Thursday, January 24 09:58:23
Tuesday was a typical day in this long rally, which has proceeded with only a few interruptions since March 2009. The Standard and Poor's index rose 0.4 percent, enough to make Americans' 401k accounts a little bit more flush, but not dramatically enough to prompt any outpouring of celebratory confetti or even a hint of the bubble-era mentality that flourished in the late 1990s But add up those days of 0.4 percent gains-there have been a lot of them in the last four years-and it is a remarkable run. Tuesday's close left the S&P only 4.6 percent below its all-time high in October 2007, meaning it could enter record territory after just a couple more good days. We are living through the strongest stock market rally since the late 1990s-though this one has far, far more solid fundamentals underlying it.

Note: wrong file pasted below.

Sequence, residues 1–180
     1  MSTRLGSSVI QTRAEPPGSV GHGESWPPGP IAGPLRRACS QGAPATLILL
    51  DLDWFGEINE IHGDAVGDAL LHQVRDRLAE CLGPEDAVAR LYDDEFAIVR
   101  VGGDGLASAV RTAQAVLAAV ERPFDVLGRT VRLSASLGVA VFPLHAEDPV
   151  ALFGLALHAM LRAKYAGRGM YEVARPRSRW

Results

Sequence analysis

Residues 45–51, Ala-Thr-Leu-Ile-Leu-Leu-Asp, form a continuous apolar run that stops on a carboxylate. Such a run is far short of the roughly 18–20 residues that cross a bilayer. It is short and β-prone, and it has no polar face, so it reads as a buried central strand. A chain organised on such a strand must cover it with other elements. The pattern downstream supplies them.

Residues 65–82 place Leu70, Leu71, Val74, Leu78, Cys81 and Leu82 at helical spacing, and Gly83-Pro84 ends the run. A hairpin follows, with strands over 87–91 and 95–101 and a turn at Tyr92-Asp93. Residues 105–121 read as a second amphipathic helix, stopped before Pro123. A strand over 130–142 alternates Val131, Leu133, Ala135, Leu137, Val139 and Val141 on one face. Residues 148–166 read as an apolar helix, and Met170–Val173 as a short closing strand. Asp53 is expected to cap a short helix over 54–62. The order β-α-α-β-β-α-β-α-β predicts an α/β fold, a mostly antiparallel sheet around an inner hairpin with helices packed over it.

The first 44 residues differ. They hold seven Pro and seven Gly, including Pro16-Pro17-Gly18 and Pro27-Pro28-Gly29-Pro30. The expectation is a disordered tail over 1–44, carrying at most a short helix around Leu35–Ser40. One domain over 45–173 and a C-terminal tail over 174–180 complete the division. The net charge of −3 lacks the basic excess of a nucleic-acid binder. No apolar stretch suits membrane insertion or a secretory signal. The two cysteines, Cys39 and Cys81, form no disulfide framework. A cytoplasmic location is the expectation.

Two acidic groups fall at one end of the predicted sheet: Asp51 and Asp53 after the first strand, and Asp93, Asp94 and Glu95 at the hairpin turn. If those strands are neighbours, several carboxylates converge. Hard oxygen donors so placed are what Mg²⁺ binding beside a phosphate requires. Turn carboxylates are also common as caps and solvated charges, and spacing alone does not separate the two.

The rise is a major, major reason that Americans' household finances are looking better. Stock investments and mutual funds only amount to about 20 percent of Americans' assets, according to data from the Federal Reserve; much more of their money is tied up in their houses, other physical assets like cars, bank accounts, life insurance policies, and the like. Yet between 2008 and the third quarter of 2012, they accounted for 59 percent of the $10.6 trillion rise in American households' assets. Americans-at least those with significant savings-are feeling wealthier, and the booming market is a big part of the reason. Household real estate, by contrast, is still worth less than it was in 2008 even after edging up recently.